Written by 22:35 Business

China’s Lust for Durian Is Creating Fortunes in Southeast Asia

Before he started a company 15 years ago selling the world’s smelliest fruit, Eric Chan had a well-paying job writing code for satellites and robots. His family and friends were puzzled when he made the career change.

The fruit, durian, has long been a cherished part of local cultures in Southeast Asia, where it is grown in abundance. A single durian is typically the size of a rugby ball and can emit an odor so powerful that it is banned from most hotels. When Mr. Chan began his start-up in his native Malaysia, durians were cheap and often sold from the back of trucks.

Then, China acquired a taste for durian in a very big way.

Last year, the value of durian exports from Southeast Asia to China was $6.7 billion, a twelvefold increase from $550 million in 2017. China buys virtually all of the world’s exported durians, according to United Nations data. The biggest exporting country by far is Thailand; Malaysia and Vietnam are the other top sellers.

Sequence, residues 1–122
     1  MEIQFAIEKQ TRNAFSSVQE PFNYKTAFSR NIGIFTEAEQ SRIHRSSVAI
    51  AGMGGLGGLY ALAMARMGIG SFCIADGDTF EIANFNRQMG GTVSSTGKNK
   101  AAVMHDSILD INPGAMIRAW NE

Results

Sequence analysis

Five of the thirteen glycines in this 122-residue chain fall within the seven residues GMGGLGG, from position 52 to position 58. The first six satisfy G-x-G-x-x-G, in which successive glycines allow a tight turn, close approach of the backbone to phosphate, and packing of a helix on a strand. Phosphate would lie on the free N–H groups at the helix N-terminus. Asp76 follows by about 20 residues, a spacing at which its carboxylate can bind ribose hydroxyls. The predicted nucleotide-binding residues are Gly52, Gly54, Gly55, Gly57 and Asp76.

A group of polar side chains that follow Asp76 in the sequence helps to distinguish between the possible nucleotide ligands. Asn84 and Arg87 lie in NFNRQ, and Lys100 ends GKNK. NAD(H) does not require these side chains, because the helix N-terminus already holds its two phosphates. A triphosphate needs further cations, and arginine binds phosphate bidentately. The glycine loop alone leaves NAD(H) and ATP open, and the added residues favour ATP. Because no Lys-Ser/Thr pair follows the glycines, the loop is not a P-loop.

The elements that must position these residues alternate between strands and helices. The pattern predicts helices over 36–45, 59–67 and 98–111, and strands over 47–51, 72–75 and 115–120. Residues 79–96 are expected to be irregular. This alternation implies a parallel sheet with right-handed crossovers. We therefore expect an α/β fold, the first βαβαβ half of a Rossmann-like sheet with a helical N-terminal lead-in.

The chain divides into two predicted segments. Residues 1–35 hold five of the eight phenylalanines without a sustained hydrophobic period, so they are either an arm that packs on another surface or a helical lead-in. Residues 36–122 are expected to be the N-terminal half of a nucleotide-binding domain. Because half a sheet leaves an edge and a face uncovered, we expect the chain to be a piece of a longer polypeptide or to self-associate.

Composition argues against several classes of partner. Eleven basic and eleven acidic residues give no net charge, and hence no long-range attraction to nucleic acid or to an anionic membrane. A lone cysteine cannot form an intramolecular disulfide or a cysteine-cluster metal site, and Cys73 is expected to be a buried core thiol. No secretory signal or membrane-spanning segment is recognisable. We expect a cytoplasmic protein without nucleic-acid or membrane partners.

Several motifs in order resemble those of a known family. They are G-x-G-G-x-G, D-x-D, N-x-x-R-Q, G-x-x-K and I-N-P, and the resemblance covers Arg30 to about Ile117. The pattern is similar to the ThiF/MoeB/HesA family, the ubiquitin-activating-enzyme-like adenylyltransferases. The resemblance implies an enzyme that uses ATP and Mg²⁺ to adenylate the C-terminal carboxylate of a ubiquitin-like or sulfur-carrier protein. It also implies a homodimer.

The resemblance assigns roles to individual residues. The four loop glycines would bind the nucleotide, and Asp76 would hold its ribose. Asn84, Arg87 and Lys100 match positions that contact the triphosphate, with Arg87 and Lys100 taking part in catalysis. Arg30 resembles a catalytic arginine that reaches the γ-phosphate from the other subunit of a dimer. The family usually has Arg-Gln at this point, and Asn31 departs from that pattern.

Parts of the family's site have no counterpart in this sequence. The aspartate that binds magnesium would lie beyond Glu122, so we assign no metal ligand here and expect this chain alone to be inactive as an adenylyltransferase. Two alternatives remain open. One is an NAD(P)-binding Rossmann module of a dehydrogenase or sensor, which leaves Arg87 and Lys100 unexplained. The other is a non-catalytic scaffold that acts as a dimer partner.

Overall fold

Today, businesses are expanding rapidly — one Thai company is planning an initial public offering this year — and some durian farmers have become millionaires. Mr. Chan is one of them. Seven years ago, he sold a controlling share of his company, which specializes in producing durian paste for cookies, ice cream and even pizza, for the equivalent of $4.5 million, nearly 50 times his initial investment.

“Everybody has been making good money,” Mr. Chan said of the once-poor durian farmers in Raub, a small city 90 minutes from Kuala Lumpur, the Malaysian capital. “They rebuilt their houses from wood to brick. And they can afford to send their children overseas for university.”


Last modified: 17 June 2024